Assessment of a school-based intervention in eating habits and physical activity in school children: the AVall study
- Esteve Llargues1,
- Rosa Franco2,
- Assumpta Recasens1,
- Ana Nadal2,
- Maria Vila1,
- Maria José Pérez3,
- Josep Maria Manresa4,
- Isabel Recasens3,
- Gemma Salvador5,
- Jaume Serra5,
- Eulàlia Roure5,
- Conxa Castells5
- 1Internal Medicine Department, Granollers General Hospital, Granollers, Spain
- 2Public Health Department, Granollers City Council, Barcelona, Spain
- 3Primary Health Subdivision (PCS) Granollers–Mollet, Catalan Institute of Health, Spain
- 4Primary Healthcare Research Support Unit Metropolitana Nord. IDIAP Jordi Gol. Catalan Institute of Health, Sabadell, Spain
- 5Health Department, Generalitat de Catalunya, Barcelona, Spain
- Correspondence to Dr Esteve Llargués, Internal Medicine Department, Granollers General Hospital, Av Francesc Ribes s/n, 08402 Granollers, Spain;
- Accepted 9 February 2011
- Published Online First 12 March 2011
Background Obesity has become a global public health problem, which also affects children. It has been proposed that the educational interventions during childhood could be a key strategy in the prevention of obesity.
Objective To evaluate the efficacy of an intervention on food habits and physical activity in school children.
Methods A 2-year cluster-randomised prospective study with two parallel arms was used to evaluate an intervention programme in children in their first year of primary schooling (5–6 years of age) in schools in the city of Granollers. The intervention consisted of the promotion of healthy eating habits and physical activity by means of the educational methodology Investigation, Vision, Action and Change (IVAC). At the beginning and at the end of the study (2006 and 2008) the weight and height of each child was measured in situ, while the families were given a self-report physical activity questionnaire and the Krece Plus quick test.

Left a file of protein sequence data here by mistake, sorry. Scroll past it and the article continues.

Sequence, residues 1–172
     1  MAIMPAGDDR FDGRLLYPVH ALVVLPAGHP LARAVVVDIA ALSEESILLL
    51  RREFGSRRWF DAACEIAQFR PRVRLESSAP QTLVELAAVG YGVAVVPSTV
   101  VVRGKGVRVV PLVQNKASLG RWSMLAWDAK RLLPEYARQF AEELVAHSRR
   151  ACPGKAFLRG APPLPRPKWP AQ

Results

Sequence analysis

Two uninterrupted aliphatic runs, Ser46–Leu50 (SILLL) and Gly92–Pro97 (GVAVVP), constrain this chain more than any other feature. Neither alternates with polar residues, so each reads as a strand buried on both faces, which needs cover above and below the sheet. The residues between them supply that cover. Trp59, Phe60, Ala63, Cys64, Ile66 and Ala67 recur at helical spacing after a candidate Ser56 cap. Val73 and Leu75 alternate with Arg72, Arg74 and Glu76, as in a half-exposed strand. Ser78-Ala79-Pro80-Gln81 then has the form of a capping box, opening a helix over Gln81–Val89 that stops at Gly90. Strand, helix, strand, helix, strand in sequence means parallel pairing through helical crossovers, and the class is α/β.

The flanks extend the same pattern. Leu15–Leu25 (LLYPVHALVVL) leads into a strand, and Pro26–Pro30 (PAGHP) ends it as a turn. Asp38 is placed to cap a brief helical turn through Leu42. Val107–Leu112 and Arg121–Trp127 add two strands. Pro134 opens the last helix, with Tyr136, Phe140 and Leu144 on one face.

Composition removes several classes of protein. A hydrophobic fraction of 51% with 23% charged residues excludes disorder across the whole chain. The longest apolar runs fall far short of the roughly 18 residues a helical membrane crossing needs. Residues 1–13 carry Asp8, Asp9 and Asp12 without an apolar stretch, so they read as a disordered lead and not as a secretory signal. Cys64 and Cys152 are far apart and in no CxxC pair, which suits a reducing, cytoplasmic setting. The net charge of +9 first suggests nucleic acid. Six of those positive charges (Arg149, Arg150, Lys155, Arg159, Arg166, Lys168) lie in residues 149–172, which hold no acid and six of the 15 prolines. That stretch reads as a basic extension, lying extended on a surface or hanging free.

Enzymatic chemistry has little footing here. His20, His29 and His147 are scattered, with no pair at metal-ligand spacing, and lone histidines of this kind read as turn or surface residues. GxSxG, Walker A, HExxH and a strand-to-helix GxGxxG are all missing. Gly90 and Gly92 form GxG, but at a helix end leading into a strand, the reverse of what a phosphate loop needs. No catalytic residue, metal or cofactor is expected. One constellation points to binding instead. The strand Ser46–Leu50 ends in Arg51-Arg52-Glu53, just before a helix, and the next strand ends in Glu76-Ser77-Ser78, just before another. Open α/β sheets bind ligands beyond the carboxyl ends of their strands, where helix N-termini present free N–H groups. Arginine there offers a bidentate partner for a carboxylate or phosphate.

Results Two years after the beginning of the study, the body mass index of the children in the control group was 0.89 kg/m2 higher than that of the intervention schools. The intervention reduced by 62% the prevalence of overweight children. Similarly, the proportion of children that ate a second piece of fruit and took part in an after-school physical activity increased in the intervention group. In the control group, the weekly consumption of fish was reduced.
Conclusions The educational intervention in healthy eating habits and physical activity in the school could contribute to lessen the current increase in child obesity.
Funding This study was supported by Observatori de la Salut Carles Vallbona, Fundació Hospital Asil de Granollers, Public Health Department, Granollers City Council, Primary Health Subdivision (PCS) Granollers–Mollet, Catalan Institute of Health and by Health Department, Generalitat de Catalunya, Spain.
Competing interests None declared.
Ethics approval This study was conducted with the approval of the Clinical Research Ethical Committee of Granollers General Hospital.
Provenance and peer review Not commissioned; externally peer reviewed.
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